Fortney: Fiestaval helps kick off city's summer festival season
The empanadas are fluffy and flavourful, the pork fried to crispy perfection.
“I cook with passion,” explains Hector Menjivar as he proudly watches me taste-test the offerings from his family-run La Casa Latina stall. When I tell the native of El Salvador that I too cook with love and rarely have such fabulous results, he throws back his head and lets out a hearty laugh.
“I cook with love and passion,” he says just before doing a salsa dance demonstration with his adult daughter Cindy on Olympic Plaza. “It’s love, yes, but a little more intense.”
Thanks to Fiestaval, the annual summer event celebrating its 10th anniversary this weekend, Menjivar has plenty of competition when it comes to great dance moves and charming ways.
On Friday morning, the more than 40 artisan vendors and 15 authentic Latin American food stalls are already up and running in anticipation of three days of dancing, entertainment from some of the world’s top Latin acts and, of course, unique and tasty food on the cheap.
This first post-Stampede weekend each year kicks off Calgary and area summer festival season. With events this weekend like the Calgary Folk Music Festival at Prince’s Island, this one right downtown, the Calgary Turkish Festival next weekend and many more in the coming weeks, it’s no surprise that a good number of Calgarians choose weekend “staycations” rather than hit the open road.
Having taken in a glorious first Folk Fest day the evening previous, on Friday morning I head over to Olympic Plaza to see how this year’s Fiestaval is looking.
A year earlier, I was there on a soggy first day, with the rain so torrential and the winds so fierce that organizers had to cancel its opening ceremonies, in its place a valiant clean-up effort to salvage the weekend ahead.
Fast forward to 2016, on yet another Friday where the rain showers are set to come, albeit nowhere near as severe. Then there’s the promise of mostly good summer weather for the rest of the weekend.
“We get anywhere from 40,000 to 60,000 people out, but much depends on the weather,” says Jennifer Rempel, one of the organizers of Fiestaval, a party that comes complete with its own beer garden. “With the weather looking good for Saturday and Sunday, we expect a great turnout.”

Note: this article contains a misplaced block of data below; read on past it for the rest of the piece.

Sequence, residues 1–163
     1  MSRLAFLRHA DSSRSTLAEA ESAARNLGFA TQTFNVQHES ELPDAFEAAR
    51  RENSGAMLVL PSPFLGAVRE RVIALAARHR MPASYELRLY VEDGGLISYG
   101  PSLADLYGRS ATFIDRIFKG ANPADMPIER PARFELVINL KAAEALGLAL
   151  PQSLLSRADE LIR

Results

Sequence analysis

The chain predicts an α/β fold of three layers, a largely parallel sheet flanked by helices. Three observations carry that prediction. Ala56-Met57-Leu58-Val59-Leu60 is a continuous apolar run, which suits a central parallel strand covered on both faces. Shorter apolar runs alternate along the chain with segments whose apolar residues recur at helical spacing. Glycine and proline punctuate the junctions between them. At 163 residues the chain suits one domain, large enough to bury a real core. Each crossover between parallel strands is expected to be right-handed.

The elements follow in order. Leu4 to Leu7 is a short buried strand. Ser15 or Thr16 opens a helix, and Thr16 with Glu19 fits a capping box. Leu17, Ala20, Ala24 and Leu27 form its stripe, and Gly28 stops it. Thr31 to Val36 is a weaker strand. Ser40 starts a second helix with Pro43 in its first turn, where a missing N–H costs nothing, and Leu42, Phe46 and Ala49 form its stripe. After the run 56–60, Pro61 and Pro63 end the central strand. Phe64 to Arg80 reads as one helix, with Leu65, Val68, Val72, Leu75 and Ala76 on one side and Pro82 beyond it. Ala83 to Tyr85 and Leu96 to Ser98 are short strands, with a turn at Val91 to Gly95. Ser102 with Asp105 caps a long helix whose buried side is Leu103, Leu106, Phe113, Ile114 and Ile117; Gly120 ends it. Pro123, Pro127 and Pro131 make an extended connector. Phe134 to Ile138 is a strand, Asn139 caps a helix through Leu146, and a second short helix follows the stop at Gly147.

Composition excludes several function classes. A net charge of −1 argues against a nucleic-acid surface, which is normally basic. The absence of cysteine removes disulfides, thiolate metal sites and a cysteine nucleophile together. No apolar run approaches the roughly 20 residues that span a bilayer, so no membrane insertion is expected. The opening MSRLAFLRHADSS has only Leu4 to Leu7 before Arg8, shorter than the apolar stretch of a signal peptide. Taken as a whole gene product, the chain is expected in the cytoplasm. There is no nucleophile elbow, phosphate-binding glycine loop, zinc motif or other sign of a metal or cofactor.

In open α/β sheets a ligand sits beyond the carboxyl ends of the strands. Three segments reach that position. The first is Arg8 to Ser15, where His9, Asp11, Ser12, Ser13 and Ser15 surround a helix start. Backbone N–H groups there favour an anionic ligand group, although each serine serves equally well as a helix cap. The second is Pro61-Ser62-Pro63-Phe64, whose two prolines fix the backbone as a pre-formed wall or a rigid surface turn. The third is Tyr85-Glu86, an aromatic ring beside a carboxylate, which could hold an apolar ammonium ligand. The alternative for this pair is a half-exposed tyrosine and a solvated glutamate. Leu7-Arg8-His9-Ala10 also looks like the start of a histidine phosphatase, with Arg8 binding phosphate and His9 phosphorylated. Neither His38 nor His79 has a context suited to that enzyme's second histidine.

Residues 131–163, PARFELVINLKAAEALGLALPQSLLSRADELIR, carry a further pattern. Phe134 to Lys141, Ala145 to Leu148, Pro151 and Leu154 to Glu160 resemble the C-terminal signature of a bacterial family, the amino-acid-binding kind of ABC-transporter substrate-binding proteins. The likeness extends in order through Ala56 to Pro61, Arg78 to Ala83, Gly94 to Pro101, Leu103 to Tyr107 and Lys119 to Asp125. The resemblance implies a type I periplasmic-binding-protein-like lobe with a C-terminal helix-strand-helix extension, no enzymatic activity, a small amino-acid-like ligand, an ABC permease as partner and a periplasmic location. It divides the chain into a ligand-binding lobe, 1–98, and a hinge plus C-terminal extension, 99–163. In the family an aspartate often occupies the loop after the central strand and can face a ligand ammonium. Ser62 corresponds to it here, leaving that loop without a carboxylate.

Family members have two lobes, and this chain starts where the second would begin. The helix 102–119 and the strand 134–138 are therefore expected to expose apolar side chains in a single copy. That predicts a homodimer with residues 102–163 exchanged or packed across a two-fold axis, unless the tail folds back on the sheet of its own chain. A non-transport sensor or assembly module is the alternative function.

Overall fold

Why wouldn’t they? There are few festivals in this part of the world that charge no admission yet manage to attract some of the planet’s best performers in their genre, everything from meringue to reggae. Last year, Alex Cuba, the wildly popular Grammy-award winning singer/songwriter, graced the stage; this year, some of the Latin world’s top acts will appear, including N’Klabe, a 14-piece band from Puerto Rico (go to fiestaval.ca for more information).
“We do it by working hard on fundraising, being creative and putting our love into it,” says Christian Greiffenstein, Rempel’s partner in life and co-organizer of the first of two big Latin summer festivals in the city, the latter being Expo Latino, which runs from Aug. 5 to 7 on Prince’s Island.
“It’s a chance each year to celebrate our culture,” says Greiffenstein, a native of Colombia, whose festival represents the music and food of 22 different countries. “And share it with the rest of the community.”
Jorge Romberg says he would never miss the festival. “I’ve been here every year,” says the owner of Magic Tours and a Spanish language radio show host. “It gives such great exposure to businesses specializing in Latin America.”
For a young entrepreneur, it’s also an opportunity to introduce his new business to a wider community. “I’d love to have my own restaurant,” says Ellery Quintana at his family-run stall, La Fritanga (lafritanga.ca), a catering company specializing in upscale Latin street food. “This is a great way for people to try us out.”
For his mom Nelda Quintana, participating in Fiestaval has special meaning. “We want to bring our warmth to you and all Calgarians,” says the native of Nicaragua, who found refuge here back in the 1980s when her homeland was devastated by civil war. “We had such a warm welcome when we came to Canada, I love giving it back.”
A little too early Friday to hear some hip-swaying salsa or mambo, I make a plan to return on the weekend, thanks to an invitation from one passionate cook.
“Come back and see us,” says Hector Menjivar, who plans to re-open his popular La Casa Latina restaurant later this year somewhere in the city’s northeast. “You’ll have time for dessert then.”